If it's important to you that you be able to "access the (American) English-speaking world without making the statement 'I am a foreigner and English is not my first language'.", as Simon would put it, then maybe it is worth doing an accent change course.

However, don't fool yourself into believing that it is an accent reduction course. The woman was absolutely right when she wrote "Everyone has an accent. You have Hong Kong accents, and you want an American accent." You'll be changing your accent neither reducing it nor improving it.

Alas, the world we live in is no utopia there are plastic surgeons who make people look white. The world would be a better place without this. It would be nice if society accepted people the way they are without discrimination against those who look or speak differently.

On one hand the so-called "accent reduction" schools are helping to perpetuate this sorry state of affairs but on the other hand can you blame them? In non-utopia people have desires created by the unfairness of the world. The accent change schools are satisfying that desire. The blame is on society not the student who feels the need to change his/her accent.
wingyellow   Wednesday, October 01, 2003, 03:10 GMT

As a fellow Hong Konger who also wants to lose, or reduce, the notorious Cantonese accent, I partly agree with that lady. And no, she is not rude or racist at all.

First, we can only speak like an American, but not as if we were born and grew up there. Some of our vocal organs are already developed, not as elastic as when we were young.

Second, except for being praised once in a while and feeling cool afterward, a native accent will not do you any good. Will it help you find a better job? No, I don't think so. There are just too many native speakers of English. Like us, they can speak more than one language.

Third, I believe that you do not see movies in English on a regular basis. I spend one hour doing this every night.

Finally, I totally agree with the lady. Learning a new language will be better. I started to pick up my Japanese again lately, because I happened to buy some Japanese dramas with Japanese subtitles. By learning Japanese, I can communicate with 10m of people who don't speak English.
David Bosch   Wednesday, October 01, 2003, 03:27 GMT

I really don't think you've got to pay a huge price if you wanna learn American accent. Less even choose your friends, it may help, but I wouldn't 'choose' my friends to speed up my learning.

For the past two years, I've achieved what I call an almost perfect northern London accent, I certainly did not have to pay a price, only a couple of books and perhaps a tape for recording british speech.

She was not rude, well, it was not very nice of her to ask whether you were ashamed of your accent, I mean, that does not concern her, does it? besides, she mentions that it would be better to go to the gym, to do pottery, and I say that learning an accent does not take huge time, in fact, you can do your normal activities while practicing american; for instance, when you watch TV, watch american TV, when you read, read american books, when you are in the internet, listen to an american radio station by real player.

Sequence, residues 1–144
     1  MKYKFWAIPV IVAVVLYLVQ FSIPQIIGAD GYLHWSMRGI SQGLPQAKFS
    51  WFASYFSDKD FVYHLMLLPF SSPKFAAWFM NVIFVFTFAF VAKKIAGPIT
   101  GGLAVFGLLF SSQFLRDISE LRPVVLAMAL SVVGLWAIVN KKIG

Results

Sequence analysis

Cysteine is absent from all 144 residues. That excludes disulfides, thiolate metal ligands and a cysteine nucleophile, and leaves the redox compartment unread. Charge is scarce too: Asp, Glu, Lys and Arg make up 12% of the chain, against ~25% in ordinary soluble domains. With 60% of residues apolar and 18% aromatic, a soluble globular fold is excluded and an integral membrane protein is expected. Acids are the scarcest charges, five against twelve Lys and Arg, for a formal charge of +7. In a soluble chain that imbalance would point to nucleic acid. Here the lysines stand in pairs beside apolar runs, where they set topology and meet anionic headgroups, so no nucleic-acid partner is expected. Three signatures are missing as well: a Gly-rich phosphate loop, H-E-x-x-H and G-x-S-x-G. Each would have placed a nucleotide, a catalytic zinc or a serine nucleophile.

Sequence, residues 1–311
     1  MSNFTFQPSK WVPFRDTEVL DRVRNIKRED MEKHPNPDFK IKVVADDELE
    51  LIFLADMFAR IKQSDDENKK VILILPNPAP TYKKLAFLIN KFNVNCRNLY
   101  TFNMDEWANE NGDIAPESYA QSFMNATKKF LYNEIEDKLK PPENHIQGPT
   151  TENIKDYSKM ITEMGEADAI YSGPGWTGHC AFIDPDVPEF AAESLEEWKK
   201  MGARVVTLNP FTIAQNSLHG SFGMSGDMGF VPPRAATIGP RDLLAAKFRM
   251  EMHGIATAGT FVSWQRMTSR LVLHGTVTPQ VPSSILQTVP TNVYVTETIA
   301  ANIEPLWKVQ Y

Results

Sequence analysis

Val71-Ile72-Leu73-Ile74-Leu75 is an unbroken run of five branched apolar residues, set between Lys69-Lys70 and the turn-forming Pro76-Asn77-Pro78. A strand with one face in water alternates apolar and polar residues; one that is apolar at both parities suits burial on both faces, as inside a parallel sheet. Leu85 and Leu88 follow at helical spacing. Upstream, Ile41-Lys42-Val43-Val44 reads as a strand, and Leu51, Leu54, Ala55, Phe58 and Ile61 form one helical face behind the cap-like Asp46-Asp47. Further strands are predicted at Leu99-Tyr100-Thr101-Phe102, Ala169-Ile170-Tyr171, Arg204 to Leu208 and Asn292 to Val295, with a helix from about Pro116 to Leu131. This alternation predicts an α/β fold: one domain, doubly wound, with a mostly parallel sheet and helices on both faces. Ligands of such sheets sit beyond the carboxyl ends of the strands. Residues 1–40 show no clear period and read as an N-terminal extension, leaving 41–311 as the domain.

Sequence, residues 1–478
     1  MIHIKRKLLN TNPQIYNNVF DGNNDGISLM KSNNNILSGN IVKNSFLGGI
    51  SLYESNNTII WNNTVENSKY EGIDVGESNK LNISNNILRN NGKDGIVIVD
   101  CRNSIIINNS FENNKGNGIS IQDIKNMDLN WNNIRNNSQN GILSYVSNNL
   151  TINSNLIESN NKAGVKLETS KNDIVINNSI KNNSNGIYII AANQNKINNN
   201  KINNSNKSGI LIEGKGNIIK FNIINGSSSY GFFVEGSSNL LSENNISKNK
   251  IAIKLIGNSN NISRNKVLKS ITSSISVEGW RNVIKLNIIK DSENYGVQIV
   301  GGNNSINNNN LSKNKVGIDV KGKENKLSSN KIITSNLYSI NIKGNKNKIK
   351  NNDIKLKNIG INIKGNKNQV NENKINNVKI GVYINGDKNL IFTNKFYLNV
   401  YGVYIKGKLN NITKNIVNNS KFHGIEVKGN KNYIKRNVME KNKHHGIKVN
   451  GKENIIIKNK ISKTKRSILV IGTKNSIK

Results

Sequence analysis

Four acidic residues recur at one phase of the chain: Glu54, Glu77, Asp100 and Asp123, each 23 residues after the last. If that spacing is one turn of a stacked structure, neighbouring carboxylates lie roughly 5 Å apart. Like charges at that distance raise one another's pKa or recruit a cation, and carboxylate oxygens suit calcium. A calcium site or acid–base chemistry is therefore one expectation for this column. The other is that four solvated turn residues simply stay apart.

Good luck with your American accent
Lou   Wednesday, October 01, 2003, 13:17 GMT
Actually, I feel that one or other accent is not important. For me it's important to be able to understand what a person is saying, which means, clear, intelligible speech. If a person's mother tongue has radically different sounds to those of English, I find that trying to work on a sound that an English-speaker or -learner will easily understand is more important than sounding as if one comes from any one country or region.
wingyellow   Wednesday, October 01, 2003, 13:35 GMT
I personally have not seen any westerners who managed to lose the European accents while speaking Cantonese. I think it works the same way the other way around.

The most pitiful human beings in the world are called ABC, aka American Born Chinese. They speak in exactly American accent, but they look exactly oriental. So they cannot get along well in both societies. Discrimination against skin colors has nothing to do with accent.

Speaking English is important. But a perfect accent will not be as rewarding as you want. Tom, the webmaster, is white. If he moved to the United States, after one generation or two, no one can tell his offsprings' origin. But oriental people are different.
Fly   Wednesday, October 01, 2003, 14:38 GMT
Wingyellow, don't you think you are a bit radical about your ABC comment? I personally think that ABC actually have advantages of being both chinese and american ( it's possible because we all agree that chinese is a race while american is a nationality). They can completely merge into the american society, not solely because of their american accent, but their american ways of thinking and acting. Yet, they still have a trace of chinese blood flowing inside them, bearing all the spiritual strength that they may have. And, if they know some cantonese or chinese from their parents, I don't see why they can't fit in the chinese society. As a matter of fact, ABC tend to be the more brilliant /successful group in prestigious universities and major firms.
Ben   Wednesday, October 01, 2003, 15:12 GMT
I think you're over-reacting a bit - all she was trying to say, I think, was not to worry too much about the way that you speak English. Content - *what* you say (in terms of grammatical correctness, versitility of vocabulary etc.) - is much more important than how you say it. Someone who speaks English with a Hong Kong accent is no better or worse off than someone who speaks with a Norfolk accent. Accent is really not that important, and you should concentrate on content rather than style.